SOW Success: Pick Your Team to Drive Change

When you’re looking to transform your contingent workforce program and control your Statement of Work (SOW) costs, knowing who to involve needs to be part of your plan from the start.

With multiple areas of your business involved in talent sourcing, there are several reasons why it’s important to map out your stakeholders:

It can help:

  • Ensure you have the full range of requirements
  • Align individual department goals with a central strategy
  • Get buy-in and understanding from the business

It can avoid:

  • Expensive costs of missed requirements
  • The team driving it to focus on their own goals
  • Expensive mistakes with legal implications, such as mistaking temps for SOW workers

You might also like: ‘Controlling SOW Spend: How to Assess Your Active Projects’

Your Stakeholder Committee

Your stakeholder committee is tasked with educating the rest of the enterprise. It should have representation from as many areas as necessary to ensure buy-in across the board. Members are also meant to act as subject matter experts within their respective areas:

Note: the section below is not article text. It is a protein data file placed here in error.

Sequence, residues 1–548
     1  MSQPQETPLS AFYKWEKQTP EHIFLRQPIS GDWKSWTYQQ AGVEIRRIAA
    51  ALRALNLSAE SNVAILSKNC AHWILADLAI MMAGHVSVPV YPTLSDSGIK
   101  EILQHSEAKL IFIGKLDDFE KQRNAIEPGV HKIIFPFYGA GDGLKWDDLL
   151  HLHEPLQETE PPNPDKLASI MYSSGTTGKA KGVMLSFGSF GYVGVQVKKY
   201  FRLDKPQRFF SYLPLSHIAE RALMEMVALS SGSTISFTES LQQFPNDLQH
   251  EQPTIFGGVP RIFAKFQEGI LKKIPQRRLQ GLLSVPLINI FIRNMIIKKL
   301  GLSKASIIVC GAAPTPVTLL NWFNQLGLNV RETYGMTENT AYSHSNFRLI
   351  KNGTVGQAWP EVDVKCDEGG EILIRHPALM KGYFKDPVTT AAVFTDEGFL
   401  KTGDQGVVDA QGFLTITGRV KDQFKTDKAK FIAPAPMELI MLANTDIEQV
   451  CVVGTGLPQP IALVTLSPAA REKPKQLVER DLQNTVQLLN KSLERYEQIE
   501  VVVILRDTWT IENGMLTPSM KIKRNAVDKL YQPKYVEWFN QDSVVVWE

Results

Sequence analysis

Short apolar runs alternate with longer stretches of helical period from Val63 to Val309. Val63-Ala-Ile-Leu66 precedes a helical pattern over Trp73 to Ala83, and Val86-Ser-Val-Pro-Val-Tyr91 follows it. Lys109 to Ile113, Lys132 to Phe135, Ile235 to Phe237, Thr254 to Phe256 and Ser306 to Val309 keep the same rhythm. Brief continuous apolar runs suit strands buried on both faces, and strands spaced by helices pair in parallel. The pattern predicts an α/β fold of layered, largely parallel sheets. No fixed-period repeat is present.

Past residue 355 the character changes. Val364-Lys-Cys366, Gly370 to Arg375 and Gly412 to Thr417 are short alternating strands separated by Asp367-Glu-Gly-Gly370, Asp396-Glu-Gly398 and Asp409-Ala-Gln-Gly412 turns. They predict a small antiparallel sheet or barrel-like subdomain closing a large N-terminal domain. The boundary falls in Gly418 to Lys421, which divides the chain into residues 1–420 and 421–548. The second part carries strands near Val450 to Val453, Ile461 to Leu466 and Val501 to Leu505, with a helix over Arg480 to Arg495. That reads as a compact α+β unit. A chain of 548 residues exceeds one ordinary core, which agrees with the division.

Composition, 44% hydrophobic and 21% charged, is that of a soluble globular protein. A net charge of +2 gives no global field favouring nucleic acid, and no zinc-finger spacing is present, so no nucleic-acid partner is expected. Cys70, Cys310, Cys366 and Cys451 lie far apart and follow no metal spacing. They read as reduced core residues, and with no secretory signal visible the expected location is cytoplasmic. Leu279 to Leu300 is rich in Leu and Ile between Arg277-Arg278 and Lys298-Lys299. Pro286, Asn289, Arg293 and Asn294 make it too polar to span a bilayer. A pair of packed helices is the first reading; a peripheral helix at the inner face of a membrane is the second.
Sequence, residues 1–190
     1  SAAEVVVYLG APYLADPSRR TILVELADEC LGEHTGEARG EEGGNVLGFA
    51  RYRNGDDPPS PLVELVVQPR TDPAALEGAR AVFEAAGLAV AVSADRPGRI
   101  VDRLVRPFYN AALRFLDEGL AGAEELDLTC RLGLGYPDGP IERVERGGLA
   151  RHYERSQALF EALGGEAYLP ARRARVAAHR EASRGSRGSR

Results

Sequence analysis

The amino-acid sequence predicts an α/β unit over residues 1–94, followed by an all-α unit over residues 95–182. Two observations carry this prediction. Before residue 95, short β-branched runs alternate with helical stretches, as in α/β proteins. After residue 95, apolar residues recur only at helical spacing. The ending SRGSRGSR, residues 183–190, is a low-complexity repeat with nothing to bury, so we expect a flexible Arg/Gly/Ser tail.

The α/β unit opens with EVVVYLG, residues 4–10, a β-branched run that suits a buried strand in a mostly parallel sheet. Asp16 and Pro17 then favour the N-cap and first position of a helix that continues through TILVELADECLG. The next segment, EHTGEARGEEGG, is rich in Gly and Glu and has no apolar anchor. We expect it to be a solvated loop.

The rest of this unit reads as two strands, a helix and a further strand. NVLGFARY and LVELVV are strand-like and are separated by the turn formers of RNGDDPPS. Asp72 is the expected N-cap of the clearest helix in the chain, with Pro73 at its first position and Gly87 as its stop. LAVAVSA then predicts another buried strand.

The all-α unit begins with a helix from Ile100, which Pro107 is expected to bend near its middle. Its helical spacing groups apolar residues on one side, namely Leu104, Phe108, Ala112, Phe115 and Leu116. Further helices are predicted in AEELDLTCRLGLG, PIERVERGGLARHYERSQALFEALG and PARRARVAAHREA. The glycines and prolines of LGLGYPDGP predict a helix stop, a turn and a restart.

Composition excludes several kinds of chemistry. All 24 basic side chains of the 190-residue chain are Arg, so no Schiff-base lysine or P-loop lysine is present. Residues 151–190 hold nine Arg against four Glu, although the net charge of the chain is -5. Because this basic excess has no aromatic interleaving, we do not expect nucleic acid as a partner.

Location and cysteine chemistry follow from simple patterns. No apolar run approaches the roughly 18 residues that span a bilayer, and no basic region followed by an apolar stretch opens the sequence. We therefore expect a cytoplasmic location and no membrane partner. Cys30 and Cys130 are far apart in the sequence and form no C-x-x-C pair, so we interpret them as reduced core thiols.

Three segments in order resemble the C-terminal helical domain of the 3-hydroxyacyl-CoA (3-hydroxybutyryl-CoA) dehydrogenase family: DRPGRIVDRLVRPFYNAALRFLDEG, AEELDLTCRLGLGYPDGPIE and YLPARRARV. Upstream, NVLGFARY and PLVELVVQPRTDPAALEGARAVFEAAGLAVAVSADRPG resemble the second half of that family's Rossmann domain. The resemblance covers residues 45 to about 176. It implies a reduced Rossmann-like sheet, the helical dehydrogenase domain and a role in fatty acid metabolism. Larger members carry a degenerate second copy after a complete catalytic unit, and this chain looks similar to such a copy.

• Procurement → SOWs, competitive bidding
  • Finance → Accruals, reconciliation, invoicing and payment process
  • Legal → SOW standards mean fewer disputes
  • HR → Tracking, compliance, and quality
  • IT → Both client and service provider
  • Business units → Power users
  • Executive sponsorship

Read more: ‘How to Create Standards for Your SOW Program’

How Does a Stakeholder Committee Help Your Sow Program?

The stakeholder committee is vital to the success of implementing and gaining adoption for an SOW automated process. An accurate discovery phase is key to a smooth implementation, so it’s vital to make sure that all members of your committee are engaged during the process definition. This is not to say all business units and stakeholders need to be engaged during every step of the process, however they should be when defining key configurations, gathering all perspectives to ensure there are no surprises down the line.

While a Project Management Office (PMO) may not be essential to implement a SOW program, it can definitely be helpful in driving efficiency and ensuring a smoother implementation. Your PMO can either be your internal team or affiliated with your Managed Service Provider (if you’re using one).

Discover how to overhaul your SOW program with our ebook ‘9 Steps to SOW Success: How to Build a Best-Practice Services Procurement Program’